August 21, 2020
China’s ByteDance and its top-rated social media app TikTok are in turmoil in the U.S. as President Trump has threatened to ban the application if a merger with a U.S. company, namely Microsoft, does not occur by September 15th.
TikTok, a top-rated social media app and China’s ByteDance are in turmoil in the U.S. as President Trump has endangered to ban the application if a merger with a U.S. company, specifically Microsoft, does not occur by mid-September.
Trump has taken a very antagonistic attitude against the Chinese control of Tiktok, saying:
This effort, which happened after another primary TikTok market, India, forbidden the application, is also a mostly dual-party effort. Senate Minority Leader, Chuck Schumer (D-NY), tweeted lately:
Such an acquisition could take time to close as ByteDance executives value the global TikTok at $50B according to a report from Reuters.
However, such an achievement could take time to close as ByteDance directors value the global TikTok at $50B according to a recent report.
TikTok focuses on the opposition with the U.S. Social Media
As this unfolds, TikTok has doubled down on opposing Instagram and other Social Media platforms. To preserve influencer and celebrity users, TikTok proclaimed a $2B “Creator Fund,” of which $1B is intended for U.S. creators.
By the end of last year, ByteDance also broadcasted a combined venture with a state-owned Chinese media group, Shanghai Dongfang, that focuses on using blockchain technology and A.I. to combat deep fakes.
Early this week, TikTok doubled down by openly prohibiting deepfakes. The general manager of the U.S. TikTok operation, Vanessa Pappas, wrote a blog about this issue stating:
The problem has lately been augmented due to concerns about diplomatically interested misinformation through deepfakes in an election year. One such deepfake of Speaker of the House Nancy Pelosi (D-CA) made its rounds on Facebook earlier this year.
TikTok to use blockchain to combat manipulated videos
As of now, companies have used A.I. to root out celebrities’ deepfakes, but general videos need a better answer. And blockchain technology has been strutted as a possible key. The indication would be to digitally stamp videos right as it is recorded by a camera and store those stamps on a disseminated ledger. If deepfakes or other manipulated videos are uploaded to TikTok, their digital stamps would not occur on the distributed ledger and could, as a result, be identified and removed.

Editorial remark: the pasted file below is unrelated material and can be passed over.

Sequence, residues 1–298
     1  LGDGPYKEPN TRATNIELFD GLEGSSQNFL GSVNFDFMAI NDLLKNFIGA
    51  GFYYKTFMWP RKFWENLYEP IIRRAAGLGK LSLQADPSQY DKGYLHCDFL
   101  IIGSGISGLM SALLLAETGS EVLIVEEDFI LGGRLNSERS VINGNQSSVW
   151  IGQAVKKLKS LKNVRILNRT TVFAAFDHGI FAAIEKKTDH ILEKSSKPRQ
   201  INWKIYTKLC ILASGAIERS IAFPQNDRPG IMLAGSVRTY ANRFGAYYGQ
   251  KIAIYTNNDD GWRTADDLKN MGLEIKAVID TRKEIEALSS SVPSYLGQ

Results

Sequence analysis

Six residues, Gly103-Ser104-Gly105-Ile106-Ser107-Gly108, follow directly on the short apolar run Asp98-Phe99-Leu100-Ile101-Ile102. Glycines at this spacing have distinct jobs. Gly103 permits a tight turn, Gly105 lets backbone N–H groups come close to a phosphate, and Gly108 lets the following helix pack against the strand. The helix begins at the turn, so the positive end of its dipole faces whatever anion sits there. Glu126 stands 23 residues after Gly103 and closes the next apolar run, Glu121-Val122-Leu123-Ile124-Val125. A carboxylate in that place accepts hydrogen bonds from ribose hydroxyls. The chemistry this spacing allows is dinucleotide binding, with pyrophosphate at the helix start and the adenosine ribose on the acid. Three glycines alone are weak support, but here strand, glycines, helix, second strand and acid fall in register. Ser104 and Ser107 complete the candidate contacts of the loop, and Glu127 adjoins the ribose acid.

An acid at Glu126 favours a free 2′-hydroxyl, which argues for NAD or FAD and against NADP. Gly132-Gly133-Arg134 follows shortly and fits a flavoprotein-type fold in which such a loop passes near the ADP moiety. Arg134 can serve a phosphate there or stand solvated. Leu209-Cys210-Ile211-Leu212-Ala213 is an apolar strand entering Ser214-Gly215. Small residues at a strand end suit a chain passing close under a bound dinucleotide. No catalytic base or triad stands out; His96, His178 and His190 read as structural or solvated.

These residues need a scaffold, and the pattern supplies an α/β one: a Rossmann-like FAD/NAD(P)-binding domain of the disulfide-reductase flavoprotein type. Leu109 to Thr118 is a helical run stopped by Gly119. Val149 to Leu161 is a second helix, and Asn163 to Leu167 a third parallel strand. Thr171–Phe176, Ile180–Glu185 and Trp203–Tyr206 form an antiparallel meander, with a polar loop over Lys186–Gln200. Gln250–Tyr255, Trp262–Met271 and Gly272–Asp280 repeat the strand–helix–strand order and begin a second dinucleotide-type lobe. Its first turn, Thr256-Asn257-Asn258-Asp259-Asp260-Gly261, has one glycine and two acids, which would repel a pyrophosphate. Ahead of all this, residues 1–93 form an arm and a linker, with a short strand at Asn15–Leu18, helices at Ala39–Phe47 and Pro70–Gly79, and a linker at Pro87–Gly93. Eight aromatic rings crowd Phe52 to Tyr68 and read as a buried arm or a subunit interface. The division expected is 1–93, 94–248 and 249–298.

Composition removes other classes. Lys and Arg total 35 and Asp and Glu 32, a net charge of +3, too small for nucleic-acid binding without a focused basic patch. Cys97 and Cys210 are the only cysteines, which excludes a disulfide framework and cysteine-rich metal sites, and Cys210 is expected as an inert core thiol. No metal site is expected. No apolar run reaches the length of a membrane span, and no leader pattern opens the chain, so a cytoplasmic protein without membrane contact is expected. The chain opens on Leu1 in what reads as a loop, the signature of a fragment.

One more use of blockchain for TikTok would be in the expanse of digital rights. On a platform where “trends” are derivative by many users and shared, credit to the original creators of a “trend” can be effortlessly lost. Though many significant influencers work to find the originators of, for example, dance and give them credit in the captions of videos, there is no intuitive way to do this or even ensure that it does happen.
A dispersed ledger that ties data about the videos to users could be used to classify “trends” and attribute its creators. Similar to how music is tracked within the application, the other features of a video could be attached at the bottom of each TikTok as well.
The future of TikTok in the U.S. remains unclear. Its ban remains forthcoming, and it has less than a month to find a new U.S. owner. Even if Microsoft acquires it, its future remains unclear. Microsoft, a company that has prioritized its enterprise efforts under CEO Satya Nadella, could take TikTok in several new ways such as attaching it to gaming with Xbox or integrating it into new Surface Devices such as the Android-powered Surface Duo
Still, TikTok’s interest in blockchain technology to fight misrepresentation and manipulated videos highlight a path onward for the general social media community. In a world where trust in videos decreases to Photoshop and images, distributed ledgers could deliver a solution.